Wednesday, February 18, 2015

Short and Sweet on Queries


A Blurb might be painful and I think every author would prefer she could skip the blurb and just get the agent, editor and reader to read her writing. But that blurb is the only way you're going to get people to read your writing. It's not just agents who need the blurb. It's editors, and it's readers.

Before a reader will even consider opening the book to read the writing they are going to read the back cover blurb. Often the back cover blurb is taking directly from the author’s initial query.

--jhf

6 comments:

Kim Wedlock said...

I completely agree with what you've said. I hate writing blurbs. But, funnily enough, as a reader I never look at blurbs. I pick up books at random. I go to the fantasy section of a bookshop and just pick something up, usually based on title. Sometimes I go back and read the blurb after having read the book and realise that if I had read the blurb first, I never would have picked the book up in the first place. I think it takes real talent to write an interesting blurb, and it's a talent that certainly escapes me! But, at the same time, it's a part of writing. Writing an amazing story is one thing, but presenting it and enticing the readers with just a few words is just as important. If you can't do that, you can't expect your work to thrive.

I love this blog, by the way, it's been massively helpful to me, and the week you inadvertently spent covering synopsis a few months ago has been the most helpful yet! It's wonderful for a writer to be able to see the business through the eyes of an agent!

Anonymous said...

I never read book cover blurbs. Ever.

AJ Blythe said...

Often the back cover blurb is taking directly from the author’s initial query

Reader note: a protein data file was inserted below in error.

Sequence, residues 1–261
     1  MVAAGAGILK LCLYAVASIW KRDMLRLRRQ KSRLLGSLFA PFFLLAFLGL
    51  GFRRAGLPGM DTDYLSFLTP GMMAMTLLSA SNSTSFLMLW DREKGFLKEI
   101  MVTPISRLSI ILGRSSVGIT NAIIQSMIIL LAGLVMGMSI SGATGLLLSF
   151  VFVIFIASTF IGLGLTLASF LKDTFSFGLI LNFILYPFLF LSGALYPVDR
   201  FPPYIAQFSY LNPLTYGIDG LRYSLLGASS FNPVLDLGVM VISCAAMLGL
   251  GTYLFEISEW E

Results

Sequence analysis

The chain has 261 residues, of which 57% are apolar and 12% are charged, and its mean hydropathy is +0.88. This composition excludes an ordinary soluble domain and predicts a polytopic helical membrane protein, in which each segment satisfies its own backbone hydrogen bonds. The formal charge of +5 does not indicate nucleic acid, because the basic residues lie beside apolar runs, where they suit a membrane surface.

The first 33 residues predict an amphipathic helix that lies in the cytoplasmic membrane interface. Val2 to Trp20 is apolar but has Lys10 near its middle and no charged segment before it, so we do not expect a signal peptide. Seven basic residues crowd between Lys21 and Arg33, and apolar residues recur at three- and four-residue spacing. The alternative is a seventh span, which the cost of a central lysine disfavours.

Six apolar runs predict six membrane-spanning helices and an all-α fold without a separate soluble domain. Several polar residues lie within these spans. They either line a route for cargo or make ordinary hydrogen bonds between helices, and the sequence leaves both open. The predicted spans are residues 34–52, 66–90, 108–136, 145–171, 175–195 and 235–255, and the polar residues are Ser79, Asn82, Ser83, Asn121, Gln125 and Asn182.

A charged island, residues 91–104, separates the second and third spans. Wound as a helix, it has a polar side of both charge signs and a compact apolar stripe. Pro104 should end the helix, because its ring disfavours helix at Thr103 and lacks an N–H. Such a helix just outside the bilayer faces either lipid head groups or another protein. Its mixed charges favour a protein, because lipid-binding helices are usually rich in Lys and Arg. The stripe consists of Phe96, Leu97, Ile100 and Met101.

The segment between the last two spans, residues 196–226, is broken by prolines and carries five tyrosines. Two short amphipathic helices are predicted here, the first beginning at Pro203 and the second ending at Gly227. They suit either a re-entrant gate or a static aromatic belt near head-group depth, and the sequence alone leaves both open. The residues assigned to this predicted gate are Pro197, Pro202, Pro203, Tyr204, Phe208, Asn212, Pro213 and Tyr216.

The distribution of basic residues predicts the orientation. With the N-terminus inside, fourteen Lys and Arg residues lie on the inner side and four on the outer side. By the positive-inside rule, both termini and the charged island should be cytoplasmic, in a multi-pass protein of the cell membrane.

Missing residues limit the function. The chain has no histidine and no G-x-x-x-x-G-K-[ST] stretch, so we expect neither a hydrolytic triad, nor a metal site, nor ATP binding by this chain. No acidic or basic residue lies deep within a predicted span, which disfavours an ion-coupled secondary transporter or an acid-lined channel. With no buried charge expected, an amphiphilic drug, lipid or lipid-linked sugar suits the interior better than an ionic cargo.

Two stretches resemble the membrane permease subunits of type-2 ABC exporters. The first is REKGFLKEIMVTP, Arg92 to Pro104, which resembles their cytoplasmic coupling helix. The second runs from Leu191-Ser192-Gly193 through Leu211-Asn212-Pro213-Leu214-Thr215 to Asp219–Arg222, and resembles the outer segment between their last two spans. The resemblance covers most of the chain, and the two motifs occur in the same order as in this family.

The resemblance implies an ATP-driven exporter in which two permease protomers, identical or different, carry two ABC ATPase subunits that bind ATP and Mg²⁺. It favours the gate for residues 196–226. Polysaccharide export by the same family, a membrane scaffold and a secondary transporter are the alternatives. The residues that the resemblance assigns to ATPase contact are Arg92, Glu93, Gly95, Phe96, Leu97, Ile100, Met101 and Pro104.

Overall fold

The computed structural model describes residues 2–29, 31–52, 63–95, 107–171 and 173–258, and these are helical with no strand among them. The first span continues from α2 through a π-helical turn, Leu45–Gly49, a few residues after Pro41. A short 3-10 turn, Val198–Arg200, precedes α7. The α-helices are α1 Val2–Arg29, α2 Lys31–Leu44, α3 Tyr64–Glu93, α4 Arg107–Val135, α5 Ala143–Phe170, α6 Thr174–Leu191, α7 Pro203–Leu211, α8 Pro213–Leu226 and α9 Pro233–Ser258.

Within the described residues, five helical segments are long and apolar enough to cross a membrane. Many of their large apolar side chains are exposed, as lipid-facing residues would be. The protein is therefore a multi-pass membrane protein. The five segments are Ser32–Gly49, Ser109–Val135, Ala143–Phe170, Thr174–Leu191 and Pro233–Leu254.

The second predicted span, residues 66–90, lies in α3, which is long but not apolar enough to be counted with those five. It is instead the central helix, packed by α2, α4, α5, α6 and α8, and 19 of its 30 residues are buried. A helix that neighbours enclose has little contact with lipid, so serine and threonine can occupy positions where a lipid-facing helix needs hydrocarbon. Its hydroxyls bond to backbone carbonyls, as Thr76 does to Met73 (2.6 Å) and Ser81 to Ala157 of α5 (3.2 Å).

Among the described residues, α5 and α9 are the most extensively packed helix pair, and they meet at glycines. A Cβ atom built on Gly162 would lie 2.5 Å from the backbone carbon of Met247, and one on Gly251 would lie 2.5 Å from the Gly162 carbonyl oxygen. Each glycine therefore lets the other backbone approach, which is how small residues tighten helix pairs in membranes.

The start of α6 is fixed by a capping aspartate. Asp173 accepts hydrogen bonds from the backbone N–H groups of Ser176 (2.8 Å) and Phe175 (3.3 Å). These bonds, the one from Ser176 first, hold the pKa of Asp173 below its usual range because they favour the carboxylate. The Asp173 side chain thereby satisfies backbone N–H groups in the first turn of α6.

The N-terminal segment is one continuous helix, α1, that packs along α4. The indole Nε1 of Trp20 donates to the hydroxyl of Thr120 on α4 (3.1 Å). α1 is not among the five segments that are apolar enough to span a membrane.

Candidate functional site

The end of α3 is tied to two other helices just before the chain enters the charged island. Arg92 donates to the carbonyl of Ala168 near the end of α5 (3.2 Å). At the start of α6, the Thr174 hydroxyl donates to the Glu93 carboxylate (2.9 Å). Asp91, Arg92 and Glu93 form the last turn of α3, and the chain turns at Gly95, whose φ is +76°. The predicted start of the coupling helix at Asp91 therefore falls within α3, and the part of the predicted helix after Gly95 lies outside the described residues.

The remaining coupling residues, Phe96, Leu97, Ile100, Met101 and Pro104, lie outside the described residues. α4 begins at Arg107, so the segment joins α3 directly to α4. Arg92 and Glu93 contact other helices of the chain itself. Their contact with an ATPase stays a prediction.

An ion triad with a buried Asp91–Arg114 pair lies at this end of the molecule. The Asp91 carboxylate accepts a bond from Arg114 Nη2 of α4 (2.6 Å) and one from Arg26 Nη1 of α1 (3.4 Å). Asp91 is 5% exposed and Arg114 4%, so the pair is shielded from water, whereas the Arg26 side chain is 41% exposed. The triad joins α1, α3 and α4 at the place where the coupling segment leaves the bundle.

I'd never thought of that connection before. I wonder if it will help with my query writing if I think of the potential blurb for my book? Makes sense though. Thanks!

Elissa M said...

I confess. I pick books by their covers.

First, the cover illustration. I majored in commercial art with an illustration emphasis. There's nothing I like better than admiring professional illustrations. Cover layout and font also matter to me. It's very, very hard for me to look past a bad cover.

Now, I don't read the "blurbs" that are quotes from other authors, but I most definitely read the back copy blurb. How else will I have any idea what the book's about? Sure, I probably know the genre from both the cover and the aisle in the store where I picked it up, but that's pretty slim info.

IF all looks good so far, I'll note two different things: Is it book XX of a multi-volume saga? What authors are quoted on the front?

If the series is new to me but it's not the first volume, I won't buy it. If I'm on the fence and the author endorsements are writers I love, I'll probably buy.

But after the cover, the back copy is the swaying factor in more than 99% of my book purchases. I completely understand why a query has to explain the story to an agent as enticingly as possible. After all, if I can't interest an agent with my query, how do I expect to snag readers who have hundreds (even thousands) of volumes (with covers!) to choose from every time they walk in the store or open the web page?

DLM said...

I'm like Elissa M., quotes about a book mean nothing to me, I don't care who wrote them. But i do read blurbs, yep.

I wish *more* of them were based on queries, because the number of blurbs out there that are wildly inaccurate or end up having no discernible relationship to a novel's contents is surprisingly high. (I'm assuming queries are not frequently outright incorrect or actually misleading, though that may be inaccurate too!)

kymlucas.me said...

I subscribe to several of those "cheap and free book" newsletters, and many (though not all) of the books they advertise have clearly been -- how can I put this nicely? -- self-published before their time. This is obvious from their book blurbs. I find myself saying things like, "Why would I care of your main character goes to Florida and drinks wine with friends?"

The good part is, reading such blurbs reminds me how important it is to keep working on perfecting my own blurbs.

And this is not a slam on those who choose to self-publish. Plenty of writers do it and do it well including some of my friends.